The models of the T-26 obr 1933 are far and above more detailed than the existing Flames of War models and, in my personal opinion, have a more interesting look to the turret than the T-26 obr 1939 models.  The angular lines, the rivets, the flat surfaces; these all appeal to my interest and the way I like tanks to look instead of the conical turret featured in the later year models.  The chassis is mildly similar between the two versions but the 1933 maintains a boxy and angular design while the 1939 begins to see more smooth lines.  To me, it is all about the turret - it is where the eye is drawn to and I feel the 1939 is somewhat bland when the 1933 is there. The option to mount the two MG turrets is available in the resin model but no turrets are provided as part of any kit that I have seen, thus the option for the T-26 obr 1932 is left to be converted on your own.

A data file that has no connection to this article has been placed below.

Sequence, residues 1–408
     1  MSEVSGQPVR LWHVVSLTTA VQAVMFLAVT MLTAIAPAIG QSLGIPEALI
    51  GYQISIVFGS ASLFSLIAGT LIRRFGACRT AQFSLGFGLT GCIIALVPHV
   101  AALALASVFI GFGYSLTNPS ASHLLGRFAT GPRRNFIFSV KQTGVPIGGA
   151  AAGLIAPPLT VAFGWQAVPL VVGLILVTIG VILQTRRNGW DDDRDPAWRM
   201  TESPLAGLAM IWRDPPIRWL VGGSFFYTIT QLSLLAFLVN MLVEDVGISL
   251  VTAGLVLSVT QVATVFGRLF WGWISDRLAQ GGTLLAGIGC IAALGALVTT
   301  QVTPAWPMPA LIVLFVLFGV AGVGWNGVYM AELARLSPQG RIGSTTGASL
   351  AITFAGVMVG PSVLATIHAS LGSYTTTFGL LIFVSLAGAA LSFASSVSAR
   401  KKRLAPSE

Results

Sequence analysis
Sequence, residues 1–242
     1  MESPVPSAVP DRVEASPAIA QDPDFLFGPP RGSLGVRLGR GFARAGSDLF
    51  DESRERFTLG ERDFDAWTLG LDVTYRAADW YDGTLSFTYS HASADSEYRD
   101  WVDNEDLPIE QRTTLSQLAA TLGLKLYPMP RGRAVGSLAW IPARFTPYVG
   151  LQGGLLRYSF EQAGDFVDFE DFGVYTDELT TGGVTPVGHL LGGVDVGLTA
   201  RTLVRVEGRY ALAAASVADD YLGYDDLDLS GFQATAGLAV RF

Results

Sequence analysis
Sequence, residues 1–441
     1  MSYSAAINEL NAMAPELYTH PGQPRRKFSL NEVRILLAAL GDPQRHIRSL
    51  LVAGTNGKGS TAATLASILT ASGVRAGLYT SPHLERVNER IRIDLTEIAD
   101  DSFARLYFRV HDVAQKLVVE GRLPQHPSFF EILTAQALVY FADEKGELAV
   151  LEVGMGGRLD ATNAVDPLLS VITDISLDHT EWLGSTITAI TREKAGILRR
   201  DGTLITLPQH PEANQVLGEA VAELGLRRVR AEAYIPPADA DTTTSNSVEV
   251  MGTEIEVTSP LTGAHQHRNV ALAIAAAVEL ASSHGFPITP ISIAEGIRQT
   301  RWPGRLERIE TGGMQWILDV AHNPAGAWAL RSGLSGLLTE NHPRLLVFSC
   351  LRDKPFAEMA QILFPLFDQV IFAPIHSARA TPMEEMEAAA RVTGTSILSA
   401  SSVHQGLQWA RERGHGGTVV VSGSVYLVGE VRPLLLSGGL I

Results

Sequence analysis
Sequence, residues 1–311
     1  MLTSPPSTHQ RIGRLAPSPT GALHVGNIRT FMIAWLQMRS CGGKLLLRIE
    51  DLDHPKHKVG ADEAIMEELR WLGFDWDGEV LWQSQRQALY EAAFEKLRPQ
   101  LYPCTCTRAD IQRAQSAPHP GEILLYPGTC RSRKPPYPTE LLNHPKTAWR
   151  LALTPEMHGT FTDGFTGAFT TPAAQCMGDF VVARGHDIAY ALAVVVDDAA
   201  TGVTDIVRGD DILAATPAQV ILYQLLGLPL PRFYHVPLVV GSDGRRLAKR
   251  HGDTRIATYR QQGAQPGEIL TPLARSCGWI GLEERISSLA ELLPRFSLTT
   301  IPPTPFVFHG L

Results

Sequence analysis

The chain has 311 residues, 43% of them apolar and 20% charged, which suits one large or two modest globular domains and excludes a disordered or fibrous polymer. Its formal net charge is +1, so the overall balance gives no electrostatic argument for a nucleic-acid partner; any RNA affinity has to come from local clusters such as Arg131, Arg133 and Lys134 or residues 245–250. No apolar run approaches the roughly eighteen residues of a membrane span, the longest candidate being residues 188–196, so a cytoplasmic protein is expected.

Options provided in this kit not only extend to being able to swap between the 45mm and the flame tank variant, but a slew of rear-turret MGs and the AAMG with copulas were provided.  There is no easy way to make both guns/mantlets interchangeable, but I found that by drilling out the turret and mounting a magnet inside and then adding a bit of paper clip to the inside of the mantlet, it was possible to magnetize each weapon system to swap as needed.  This allowed me to produce 2 types of tanks from 1 model with just a little effort.  Now to the mildly confusing part: the rear-turret MG and AAMG are included, but both options are unavailable to the 1933 model according to Rising Sun.  Bits were included in the package to add both of these to each tank, and while technically the KhT-130 can equip the rear-turret MG, neither can mount the AAMG, only the 1939 model.  I decided to go ahead and mount them anyway as the stat line in the book does says T-26 1933 or 1939, and no difference exists between each tank stat wise nor point cost wise.  Historically this may be incorrect, but the bits look too good not to be included and on the table it would be a rarity to find anyone that would mind so long as the points are paid for if the equipment is used.